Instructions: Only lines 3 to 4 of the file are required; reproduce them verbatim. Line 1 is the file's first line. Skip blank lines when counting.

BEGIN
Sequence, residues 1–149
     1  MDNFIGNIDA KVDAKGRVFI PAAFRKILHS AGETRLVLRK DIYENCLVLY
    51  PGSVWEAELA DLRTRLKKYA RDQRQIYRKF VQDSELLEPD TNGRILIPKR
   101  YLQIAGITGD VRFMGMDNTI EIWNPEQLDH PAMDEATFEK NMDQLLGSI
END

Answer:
    51  PGSVWEAELA DLRTRLKKYA RDQRQIYRKF VQDSELLEPD TNGRILIPKR
   101  YLQIAGITGD VRFMGMDNTI EIWNPEQLDH PAMDEATFEK NMDQLLGSI